Scientists Fit Praying Mantis with Tiny Glasses to Learn About 3D Vision (VIDEO)
Scientists created miniature 3D glasses for praying mantises, the only invertebrates known to possess 3D vision, in order to compare it with vision in humans.
The research team claims the tiny spectacles - said to be the world's smallest - could explain how 3D vision evolved and potentially lead to advances in computer vision.
"If we find that the way mantises process 3D vision is very different to the way humans do it, then that could open up all kinds of possibilities to create much simpler algorithms for programming 3D vision into robots," Vivek Nityananda, a research associate at Newcastle University's Institute of Neuroscience, said in a press release.
Mantises are the only insect proven to possess stereopsis, or 3D vision, research leader Jennifer Read told The Huffington Post. Stereopsis is known to exist in macaques, cats, horses, sheep, rabbits, toads, and barn owls as well.
"Despite their minute brains, mantises are sophisticated visual hunters which can capture prey with terrifying efficiency," Read said in the statement. "We can learn a lot by studying how they perceive the world."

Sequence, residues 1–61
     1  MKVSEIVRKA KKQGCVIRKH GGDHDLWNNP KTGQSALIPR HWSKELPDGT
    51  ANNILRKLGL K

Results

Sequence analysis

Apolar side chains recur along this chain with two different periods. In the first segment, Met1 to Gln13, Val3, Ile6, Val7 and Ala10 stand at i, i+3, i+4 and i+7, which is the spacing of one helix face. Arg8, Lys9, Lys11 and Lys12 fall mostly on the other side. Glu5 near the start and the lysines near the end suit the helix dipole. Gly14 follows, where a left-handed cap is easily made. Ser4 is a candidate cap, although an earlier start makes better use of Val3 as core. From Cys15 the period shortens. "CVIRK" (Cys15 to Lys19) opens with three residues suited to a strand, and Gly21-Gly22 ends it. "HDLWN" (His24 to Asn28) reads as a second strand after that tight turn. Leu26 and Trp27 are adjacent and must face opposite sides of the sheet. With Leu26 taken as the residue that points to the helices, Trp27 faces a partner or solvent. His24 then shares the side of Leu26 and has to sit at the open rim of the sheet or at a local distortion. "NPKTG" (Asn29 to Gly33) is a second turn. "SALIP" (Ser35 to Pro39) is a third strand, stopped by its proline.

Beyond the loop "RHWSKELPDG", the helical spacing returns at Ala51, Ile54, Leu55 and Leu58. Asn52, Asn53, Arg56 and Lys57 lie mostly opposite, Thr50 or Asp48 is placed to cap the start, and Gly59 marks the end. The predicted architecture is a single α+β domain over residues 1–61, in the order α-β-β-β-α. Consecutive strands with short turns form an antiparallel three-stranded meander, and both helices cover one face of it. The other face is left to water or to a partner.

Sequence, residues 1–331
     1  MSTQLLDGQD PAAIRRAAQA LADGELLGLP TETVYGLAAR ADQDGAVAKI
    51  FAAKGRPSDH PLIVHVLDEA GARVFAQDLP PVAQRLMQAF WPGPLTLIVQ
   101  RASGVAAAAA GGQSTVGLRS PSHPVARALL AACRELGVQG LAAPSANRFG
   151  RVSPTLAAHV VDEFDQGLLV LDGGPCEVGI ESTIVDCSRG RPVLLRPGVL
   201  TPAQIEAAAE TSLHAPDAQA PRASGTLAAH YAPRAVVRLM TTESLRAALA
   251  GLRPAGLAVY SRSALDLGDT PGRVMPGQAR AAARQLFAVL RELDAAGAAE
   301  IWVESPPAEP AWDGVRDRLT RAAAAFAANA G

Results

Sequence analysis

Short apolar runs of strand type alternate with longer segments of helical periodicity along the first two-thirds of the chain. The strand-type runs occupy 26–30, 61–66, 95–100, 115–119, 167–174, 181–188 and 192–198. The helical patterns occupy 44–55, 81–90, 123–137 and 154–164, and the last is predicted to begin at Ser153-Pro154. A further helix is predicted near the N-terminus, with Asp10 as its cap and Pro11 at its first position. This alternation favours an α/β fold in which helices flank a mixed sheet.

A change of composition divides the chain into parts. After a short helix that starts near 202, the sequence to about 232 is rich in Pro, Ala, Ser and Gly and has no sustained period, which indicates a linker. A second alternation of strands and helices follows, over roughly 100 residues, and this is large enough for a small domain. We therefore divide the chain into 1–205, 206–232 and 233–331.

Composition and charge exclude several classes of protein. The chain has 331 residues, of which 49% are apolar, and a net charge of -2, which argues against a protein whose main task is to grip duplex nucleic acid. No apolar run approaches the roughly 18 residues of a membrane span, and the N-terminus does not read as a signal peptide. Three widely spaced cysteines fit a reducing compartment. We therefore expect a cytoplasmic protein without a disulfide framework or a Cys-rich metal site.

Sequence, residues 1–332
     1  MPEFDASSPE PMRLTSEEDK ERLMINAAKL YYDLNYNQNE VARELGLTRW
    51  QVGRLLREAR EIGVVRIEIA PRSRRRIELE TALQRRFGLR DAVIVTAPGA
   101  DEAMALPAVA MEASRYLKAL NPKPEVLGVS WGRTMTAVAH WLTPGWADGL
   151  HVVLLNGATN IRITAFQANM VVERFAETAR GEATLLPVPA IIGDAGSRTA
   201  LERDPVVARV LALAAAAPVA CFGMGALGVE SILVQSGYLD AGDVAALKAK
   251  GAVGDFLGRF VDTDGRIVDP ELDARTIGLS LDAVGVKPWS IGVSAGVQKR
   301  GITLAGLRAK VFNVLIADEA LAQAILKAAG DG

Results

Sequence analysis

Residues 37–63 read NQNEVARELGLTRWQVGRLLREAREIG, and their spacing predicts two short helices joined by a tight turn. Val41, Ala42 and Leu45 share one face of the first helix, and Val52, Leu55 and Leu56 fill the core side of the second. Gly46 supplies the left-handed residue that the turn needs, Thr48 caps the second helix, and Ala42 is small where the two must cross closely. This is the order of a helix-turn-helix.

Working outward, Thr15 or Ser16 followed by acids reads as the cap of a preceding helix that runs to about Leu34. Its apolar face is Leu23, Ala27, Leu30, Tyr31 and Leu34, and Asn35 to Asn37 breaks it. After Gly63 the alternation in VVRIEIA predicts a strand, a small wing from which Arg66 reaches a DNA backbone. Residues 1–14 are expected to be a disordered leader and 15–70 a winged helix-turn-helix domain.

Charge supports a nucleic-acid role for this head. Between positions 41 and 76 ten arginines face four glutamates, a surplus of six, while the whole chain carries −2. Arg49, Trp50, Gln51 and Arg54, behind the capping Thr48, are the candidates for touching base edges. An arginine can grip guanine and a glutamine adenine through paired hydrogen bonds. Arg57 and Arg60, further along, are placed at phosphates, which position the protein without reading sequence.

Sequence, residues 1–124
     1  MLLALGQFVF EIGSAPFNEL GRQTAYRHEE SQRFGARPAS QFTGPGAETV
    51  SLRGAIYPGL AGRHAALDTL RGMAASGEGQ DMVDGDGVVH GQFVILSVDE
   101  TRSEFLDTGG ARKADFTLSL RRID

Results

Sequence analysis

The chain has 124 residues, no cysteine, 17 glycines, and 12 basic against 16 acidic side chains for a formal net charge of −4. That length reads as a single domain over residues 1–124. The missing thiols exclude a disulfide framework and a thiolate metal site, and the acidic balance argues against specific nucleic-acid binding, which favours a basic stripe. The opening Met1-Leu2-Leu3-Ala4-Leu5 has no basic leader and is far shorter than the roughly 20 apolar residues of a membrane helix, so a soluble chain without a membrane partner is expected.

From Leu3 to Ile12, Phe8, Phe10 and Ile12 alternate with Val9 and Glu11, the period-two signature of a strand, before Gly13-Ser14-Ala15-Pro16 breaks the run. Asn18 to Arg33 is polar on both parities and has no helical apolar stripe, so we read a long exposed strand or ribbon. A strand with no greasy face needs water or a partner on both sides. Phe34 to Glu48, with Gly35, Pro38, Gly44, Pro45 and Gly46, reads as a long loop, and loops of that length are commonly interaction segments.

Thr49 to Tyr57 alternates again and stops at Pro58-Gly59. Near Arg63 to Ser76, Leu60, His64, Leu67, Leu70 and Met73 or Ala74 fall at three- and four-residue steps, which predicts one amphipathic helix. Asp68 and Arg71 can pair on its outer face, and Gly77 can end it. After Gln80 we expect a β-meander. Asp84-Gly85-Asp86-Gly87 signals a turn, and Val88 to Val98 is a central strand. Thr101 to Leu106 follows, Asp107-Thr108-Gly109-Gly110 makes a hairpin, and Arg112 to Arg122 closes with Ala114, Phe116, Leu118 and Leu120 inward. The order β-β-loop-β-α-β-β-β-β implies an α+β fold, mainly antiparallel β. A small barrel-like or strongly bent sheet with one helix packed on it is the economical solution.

The mantises (or mantids) were fitted with the miniscule 5-millimeter glasses using beeswax and then scientists observed their behavior to computer-generated 3D images displayed on a screen. The glasses fool the insect into misjudging depth, much like we are while watching 3D movies in theaters.
The spectacles are "small enough that they don't get in the mantid's way as it goes about its normal mantid business," Read told The Huffington Post. "As a result, the mantids seem quite happy wearing them and don't try to rub them off."
This research is the first of its kind since Samuel Rossel discovered the insect's 3D ability in 1983. Depending on how they react to the visual stimuli, the experiment will determine if mantids can see the moving object standing out in depth in a similar way to humans, potentially leading to revolutionary technology.